Sunday, February 14, 2010


2009, US, directed by Greg Mottola
Despite its apparently loose construction, one carefully-honed sequence blending very casually into the next, there’s a striking narrative momentum to Greg Mottola’s film: in just a couple of deft set-up scenes, he paves the way for his central character, James (Jesse Eisenberg), to spend the summer in a slightly down-at-heel amusement park while also giving us a sense of his college past, his parents, and his burgeoning dreams. Those preliminaries dealt with, we cross into Adventureland, on which the outside world seems to barely intrude until very close to the conclusion of the film, in that way that youthful summers seem to have of creating their own sense of apparently endless time and self-discovery.

Mottola made use of a similarly episodic structure in his previous feature, Superbad, except that here he has a stronger sense of when to bring each vignette to a halt. As in Superbad, each member of the extraordinary gallery of actors has a moment or two in which to shine but the timing is considerably tighter. That’s underlined in a brilliantly funny sequence where the park manager (Bill Hader) intervenes when James is about to receive a beating: there’s not a wasted second as Hader stalks out, catching, mid-stride, a baseball bat thrown by his wife and flipping a hair-trigger switch to deal with the threat only to put away his game face with equally impressive speed.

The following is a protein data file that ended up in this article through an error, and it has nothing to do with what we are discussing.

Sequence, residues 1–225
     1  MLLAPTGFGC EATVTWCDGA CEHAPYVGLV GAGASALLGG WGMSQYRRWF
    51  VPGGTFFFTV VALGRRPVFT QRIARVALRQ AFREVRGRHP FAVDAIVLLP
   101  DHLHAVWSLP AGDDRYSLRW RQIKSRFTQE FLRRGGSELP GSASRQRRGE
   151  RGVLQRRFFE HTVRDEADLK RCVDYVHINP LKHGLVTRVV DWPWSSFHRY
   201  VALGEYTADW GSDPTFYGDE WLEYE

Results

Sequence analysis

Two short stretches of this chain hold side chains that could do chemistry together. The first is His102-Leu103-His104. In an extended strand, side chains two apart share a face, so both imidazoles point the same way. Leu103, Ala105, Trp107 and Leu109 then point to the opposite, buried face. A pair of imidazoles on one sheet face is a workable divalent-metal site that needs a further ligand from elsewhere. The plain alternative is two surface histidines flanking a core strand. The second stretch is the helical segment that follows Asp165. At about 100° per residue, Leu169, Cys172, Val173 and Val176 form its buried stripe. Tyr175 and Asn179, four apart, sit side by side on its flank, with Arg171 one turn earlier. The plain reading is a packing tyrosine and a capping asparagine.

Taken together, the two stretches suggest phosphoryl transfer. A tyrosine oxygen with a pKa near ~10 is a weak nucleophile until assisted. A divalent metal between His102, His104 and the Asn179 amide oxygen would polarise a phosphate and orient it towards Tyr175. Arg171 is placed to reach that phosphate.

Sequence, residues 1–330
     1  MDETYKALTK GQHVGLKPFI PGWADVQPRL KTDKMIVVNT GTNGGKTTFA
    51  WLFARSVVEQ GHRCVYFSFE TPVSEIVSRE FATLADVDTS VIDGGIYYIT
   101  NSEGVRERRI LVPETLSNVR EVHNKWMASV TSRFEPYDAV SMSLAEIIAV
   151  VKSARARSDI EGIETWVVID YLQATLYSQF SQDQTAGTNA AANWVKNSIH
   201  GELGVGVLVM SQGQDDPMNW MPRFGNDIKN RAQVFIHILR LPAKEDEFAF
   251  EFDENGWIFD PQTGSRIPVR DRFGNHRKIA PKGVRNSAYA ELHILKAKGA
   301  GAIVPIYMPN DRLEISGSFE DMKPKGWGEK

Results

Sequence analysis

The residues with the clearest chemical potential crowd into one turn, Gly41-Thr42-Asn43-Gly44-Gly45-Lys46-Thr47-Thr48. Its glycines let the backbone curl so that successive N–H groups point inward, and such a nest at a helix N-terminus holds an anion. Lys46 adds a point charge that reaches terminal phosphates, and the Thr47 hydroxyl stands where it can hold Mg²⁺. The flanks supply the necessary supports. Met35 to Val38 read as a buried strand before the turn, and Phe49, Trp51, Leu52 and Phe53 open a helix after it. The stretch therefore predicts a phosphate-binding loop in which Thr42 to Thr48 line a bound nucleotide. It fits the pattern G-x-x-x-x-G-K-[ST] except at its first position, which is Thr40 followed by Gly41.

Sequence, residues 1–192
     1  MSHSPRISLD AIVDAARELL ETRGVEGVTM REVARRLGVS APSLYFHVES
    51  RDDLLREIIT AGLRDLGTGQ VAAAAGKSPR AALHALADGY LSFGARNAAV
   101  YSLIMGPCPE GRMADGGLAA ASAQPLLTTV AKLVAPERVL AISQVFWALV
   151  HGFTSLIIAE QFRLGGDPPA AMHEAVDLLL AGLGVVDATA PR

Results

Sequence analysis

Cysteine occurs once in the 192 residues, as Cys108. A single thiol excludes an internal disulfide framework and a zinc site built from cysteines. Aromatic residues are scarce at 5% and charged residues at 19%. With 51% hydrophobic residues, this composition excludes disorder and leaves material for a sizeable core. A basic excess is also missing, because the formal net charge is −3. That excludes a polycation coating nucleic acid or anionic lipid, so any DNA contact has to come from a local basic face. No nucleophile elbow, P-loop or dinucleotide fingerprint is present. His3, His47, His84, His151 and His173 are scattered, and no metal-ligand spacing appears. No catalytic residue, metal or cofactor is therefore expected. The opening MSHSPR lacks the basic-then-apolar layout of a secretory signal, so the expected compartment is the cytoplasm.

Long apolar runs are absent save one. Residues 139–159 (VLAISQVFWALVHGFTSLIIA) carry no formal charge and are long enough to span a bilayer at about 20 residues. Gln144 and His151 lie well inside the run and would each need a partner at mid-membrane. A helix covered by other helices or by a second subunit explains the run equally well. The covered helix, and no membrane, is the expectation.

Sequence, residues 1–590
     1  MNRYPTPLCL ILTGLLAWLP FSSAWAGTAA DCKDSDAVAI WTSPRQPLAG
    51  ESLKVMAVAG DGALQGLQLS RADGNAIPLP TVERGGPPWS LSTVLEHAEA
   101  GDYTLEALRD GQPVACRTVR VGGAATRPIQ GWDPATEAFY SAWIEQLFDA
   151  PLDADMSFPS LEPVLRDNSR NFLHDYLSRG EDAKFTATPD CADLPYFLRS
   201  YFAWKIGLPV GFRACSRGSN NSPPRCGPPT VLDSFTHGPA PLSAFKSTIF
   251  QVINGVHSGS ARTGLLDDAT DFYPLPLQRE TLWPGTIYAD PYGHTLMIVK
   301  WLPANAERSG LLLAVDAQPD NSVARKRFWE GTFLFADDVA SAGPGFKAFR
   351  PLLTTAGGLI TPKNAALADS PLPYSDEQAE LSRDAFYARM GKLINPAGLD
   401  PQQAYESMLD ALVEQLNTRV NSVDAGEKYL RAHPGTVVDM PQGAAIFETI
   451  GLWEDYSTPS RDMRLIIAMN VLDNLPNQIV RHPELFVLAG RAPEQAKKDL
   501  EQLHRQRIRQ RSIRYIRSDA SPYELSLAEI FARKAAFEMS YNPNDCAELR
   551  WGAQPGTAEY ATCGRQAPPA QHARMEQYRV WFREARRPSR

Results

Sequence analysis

Although that sequence is a little more in-you-face than the rest of the film – a change of pace that Mottola exploits very cannily – it’s typical of the care with which each of the vignettes is constructed, leaving you with the mood of the previous scene still lingering in the mind, and deftly moving between the film’s more serious and light-hearted moments.

The script is also acutely perceptive of the nuances of twentysomething speech and interactions. There’s a lovely scene, for instance, where James tells the object of his affections, Em (Kristen Stewart), his plans for the future. Mottola captures not only the oblivious pretension of James’s career ambitions seen from the perspective of an older-and-perhaps-wiser viewer but the sincerity of another twentysomething’s reaction. The conversations between James and Em, and James and his theme-park friend Joel (Martin Starr, excellent) have the consistent ring of truth about them; there’s an awkwardness about these interactions that underlines the way the three characters’ attempts to navigate their way to adulthood, and that gives the film a terrific warmth (underlined, particularly in the scenes between James and Em, with a lighting scheme that seems to make Kristen Stewart positively glow).

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Boston, Massachusetts, United States